Abstract

A stroboscopically presented revolving annulus composed of dots is used to elicit rotary motion perception. Observers judge the direction of rotary motion. We find sharp and gradual transitions in the probability for reversed motion perception as a function of the angle of rotation between successive frames. These transitions reveal that matches between nonsuccessive frames can dominate motion perception. The transitions are scale invariant. The strength of a match is discussed in terms of a motion strength function, which is a separable function of the angle of rotation between successive frames and the frame repetition rate. The dependence of motion strength on the frame repetition rate (time function) is computed from the transitions. The similarity of this time function for rotary motion with the time function for linear motion [ Psychol. Rev. 88, 171 ( 1981)] suggests that mechanisms for the discrimination of rotary motion address local detectors of linear motion.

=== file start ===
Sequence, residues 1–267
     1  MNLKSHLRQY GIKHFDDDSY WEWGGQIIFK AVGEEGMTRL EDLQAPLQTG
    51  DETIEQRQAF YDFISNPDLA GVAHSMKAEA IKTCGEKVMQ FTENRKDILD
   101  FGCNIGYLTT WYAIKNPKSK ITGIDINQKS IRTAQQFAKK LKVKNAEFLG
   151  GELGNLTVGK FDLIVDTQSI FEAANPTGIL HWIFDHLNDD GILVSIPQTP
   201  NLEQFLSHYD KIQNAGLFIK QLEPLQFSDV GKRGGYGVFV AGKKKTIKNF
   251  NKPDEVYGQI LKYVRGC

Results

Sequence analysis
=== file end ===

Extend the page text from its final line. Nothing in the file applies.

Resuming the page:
© 1991 Optical Society of America

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